Over the past few days, the tech news sites and blogs have carried a story centered on a quote from a NetBook (tiny laptop) manufacturer stating that the company receives 4X the returns of Linux based systems versus Windows systems. The more often I saw this headline and read the articles, the more irritated I became.
Computers are still in their infancy compared to much of the technology we use today. Americans have had indoor plumbing for 75 years, electricity for almost 100 years, telephones for almost 100 years, televisions for 50+ years, and radios for 70 years. Computers, however, have been around just over 15 years en masse, and even today they only exist in about 70% of American households.
My point is that computer technology has not matured enough to rely on one company or one way of doing things. Yet, that’s exactly what our society of lemmings has done. If it doesn’t say Microsoft on it, it is deemed to be unworthy of use. Microsoft had their chance, in my opinion, but they dropped the ball by losing to the degenerates among us who create malware that cripple a too often unprotected Windows based computer. For years, I have stood on my soapbox and defended Microsoft, and insisted that computer users take the time to learn how to properly secure and use their computers. The reality, however, is they don’t. Too many computer users are too lazy to learn or apply what they learned until something happens to their computer, then they scratch their heads and wonder why it happened to them.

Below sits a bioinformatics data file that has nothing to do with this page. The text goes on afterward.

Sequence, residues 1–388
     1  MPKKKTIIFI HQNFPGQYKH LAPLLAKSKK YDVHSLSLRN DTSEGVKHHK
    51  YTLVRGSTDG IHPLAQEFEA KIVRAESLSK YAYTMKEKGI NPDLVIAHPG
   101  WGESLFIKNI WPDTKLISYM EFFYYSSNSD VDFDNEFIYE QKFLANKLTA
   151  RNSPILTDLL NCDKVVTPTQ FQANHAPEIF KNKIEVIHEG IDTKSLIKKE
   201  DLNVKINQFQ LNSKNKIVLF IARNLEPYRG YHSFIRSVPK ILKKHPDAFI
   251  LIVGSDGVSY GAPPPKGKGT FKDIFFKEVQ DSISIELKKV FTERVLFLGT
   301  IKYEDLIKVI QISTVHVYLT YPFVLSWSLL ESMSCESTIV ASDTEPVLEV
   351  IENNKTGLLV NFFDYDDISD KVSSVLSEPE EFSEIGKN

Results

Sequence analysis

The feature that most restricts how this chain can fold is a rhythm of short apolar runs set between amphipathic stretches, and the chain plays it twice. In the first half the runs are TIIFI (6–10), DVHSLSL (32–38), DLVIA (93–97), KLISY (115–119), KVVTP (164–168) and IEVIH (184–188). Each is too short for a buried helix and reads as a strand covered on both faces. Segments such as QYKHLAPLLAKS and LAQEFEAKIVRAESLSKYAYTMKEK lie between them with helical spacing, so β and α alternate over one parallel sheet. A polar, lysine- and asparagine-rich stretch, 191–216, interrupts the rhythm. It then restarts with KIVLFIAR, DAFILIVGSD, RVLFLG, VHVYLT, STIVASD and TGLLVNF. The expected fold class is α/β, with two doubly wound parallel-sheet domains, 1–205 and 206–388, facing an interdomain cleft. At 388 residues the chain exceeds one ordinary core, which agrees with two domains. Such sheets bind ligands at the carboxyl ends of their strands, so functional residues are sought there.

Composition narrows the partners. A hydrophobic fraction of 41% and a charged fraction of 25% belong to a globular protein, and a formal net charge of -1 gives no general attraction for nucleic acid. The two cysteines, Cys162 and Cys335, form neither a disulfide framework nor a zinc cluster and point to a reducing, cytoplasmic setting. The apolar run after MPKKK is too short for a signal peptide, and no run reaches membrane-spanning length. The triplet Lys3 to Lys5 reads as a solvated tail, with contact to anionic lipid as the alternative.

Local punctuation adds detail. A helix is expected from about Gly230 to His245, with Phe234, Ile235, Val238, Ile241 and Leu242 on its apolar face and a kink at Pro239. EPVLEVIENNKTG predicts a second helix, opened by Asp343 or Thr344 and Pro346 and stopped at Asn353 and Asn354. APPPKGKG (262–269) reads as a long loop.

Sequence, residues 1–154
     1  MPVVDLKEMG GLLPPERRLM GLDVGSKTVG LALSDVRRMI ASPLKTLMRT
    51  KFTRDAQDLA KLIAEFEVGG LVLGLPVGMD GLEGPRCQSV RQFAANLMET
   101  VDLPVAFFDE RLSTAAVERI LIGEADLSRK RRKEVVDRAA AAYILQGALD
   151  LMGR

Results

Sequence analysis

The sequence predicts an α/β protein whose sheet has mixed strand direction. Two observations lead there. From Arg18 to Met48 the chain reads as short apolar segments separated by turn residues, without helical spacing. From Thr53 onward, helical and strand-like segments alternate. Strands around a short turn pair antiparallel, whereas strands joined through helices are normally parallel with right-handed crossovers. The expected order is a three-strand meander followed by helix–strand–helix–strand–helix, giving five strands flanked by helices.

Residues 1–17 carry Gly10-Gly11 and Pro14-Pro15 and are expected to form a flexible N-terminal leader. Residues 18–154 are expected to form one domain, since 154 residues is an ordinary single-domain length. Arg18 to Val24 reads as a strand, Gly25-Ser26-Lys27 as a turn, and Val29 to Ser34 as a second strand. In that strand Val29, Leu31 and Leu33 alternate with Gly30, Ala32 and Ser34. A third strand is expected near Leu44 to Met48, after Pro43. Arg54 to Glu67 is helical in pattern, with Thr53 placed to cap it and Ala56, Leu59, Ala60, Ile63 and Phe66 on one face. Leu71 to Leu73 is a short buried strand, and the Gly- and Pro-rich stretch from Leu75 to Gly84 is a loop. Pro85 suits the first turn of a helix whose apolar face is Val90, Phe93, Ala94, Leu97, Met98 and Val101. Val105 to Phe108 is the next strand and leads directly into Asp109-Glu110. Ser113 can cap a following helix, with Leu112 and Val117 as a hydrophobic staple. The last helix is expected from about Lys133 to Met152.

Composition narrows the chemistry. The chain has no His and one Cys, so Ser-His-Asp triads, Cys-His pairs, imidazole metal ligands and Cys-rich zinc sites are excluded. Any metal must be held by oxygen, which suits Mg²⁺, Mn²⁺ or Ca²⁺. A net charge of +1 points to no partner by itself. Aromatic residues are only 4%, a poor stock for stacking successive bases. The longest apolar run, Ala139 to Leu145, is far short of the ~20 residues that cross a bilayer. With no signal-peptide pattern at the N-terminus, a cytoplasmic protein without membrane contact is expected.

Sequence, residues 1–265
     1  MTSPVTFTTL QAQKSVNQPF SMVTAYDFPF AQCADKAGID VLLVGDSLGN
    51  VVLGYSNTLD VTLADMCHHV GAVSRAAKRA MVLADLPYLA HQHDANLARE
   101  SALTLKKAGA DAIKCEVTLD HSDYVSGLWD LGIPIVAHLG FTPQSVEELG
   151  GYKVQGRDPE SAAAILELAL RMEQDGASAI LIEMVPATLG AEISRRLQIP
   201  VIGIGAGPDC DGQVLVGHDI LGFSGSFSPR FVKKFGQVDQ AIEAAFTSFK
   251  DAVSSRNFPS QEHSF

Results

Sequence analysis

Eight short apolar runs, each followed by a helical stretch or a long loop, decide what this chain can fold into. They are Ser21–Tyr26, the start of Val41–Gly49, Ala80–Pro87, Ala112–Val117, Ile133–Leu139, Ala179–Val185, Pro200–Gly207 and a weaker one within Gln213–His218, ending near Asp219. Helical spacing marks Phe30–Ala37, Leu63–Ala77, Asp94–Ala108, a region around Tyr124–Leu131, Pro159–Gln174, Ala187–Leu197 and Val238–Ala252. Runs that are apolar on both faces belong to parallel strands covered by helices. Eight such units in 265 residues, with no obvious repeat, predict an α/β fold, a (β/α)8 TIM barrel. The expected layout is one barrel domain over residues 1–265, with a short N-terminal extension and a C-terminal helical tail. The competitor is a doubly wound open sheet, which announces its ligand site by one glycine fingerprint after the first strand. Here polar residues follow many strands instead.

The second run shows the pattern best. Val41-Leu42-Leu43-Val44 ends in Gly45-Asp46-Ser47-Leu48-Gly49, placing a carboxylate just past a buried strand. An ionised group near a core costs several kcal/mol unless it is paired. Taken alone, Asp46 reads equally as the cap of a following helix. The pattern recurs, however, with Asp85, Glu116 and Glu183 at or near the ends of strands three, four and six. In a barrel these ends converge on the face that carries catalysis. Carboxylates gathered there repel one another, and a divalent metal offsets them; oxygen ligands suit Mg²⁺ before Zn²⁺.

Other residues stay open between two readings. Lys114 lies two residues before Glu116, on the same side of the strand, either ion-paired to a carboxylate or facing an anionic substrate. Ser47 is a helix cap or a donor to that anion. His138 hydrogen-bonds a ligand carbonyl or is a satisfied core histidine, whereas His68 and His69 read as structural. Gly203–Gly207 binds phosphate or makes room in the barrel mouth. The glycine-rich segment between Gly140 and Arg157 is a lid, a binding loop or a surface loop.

Enter Linux based computers. Linux turned 17 this year and many different distributions (operating systems based on Linux) developed over that same period. Ubuntu being the most successful of these distributions. When NetBooks were introduced to the market just one year ago, some form of Linux was the preferred operating system because they were free, require little maintenance, require less computer power than Windows, and were safer for Internet use. Now this quote from a MSI executive states that the laptops with Linux are returned 4X more frequently than the same computers with Windows.
Is it because they break down? No. Is it because they are more expensive? No. What is the reason? It appears that the users who return them find that either they are unable to make the adjustment from Windows.
I did not go to college with a laptop, and didn’t own a computer until I was 24 in 1990. I learned from the ground up and am the first to admit that I have a slight aptitude for these things, but I learn something new about them every single day. I’ve also learned that if a computer user isn’t flexible, willing to learn new techniques, willing to research solutions, willing to go through trial and error periods, and willing to trust that sometimes change is good, that computer user will remain a lazy computer user and be destined to a life with a buggy, expensive, and frustrating computer(s).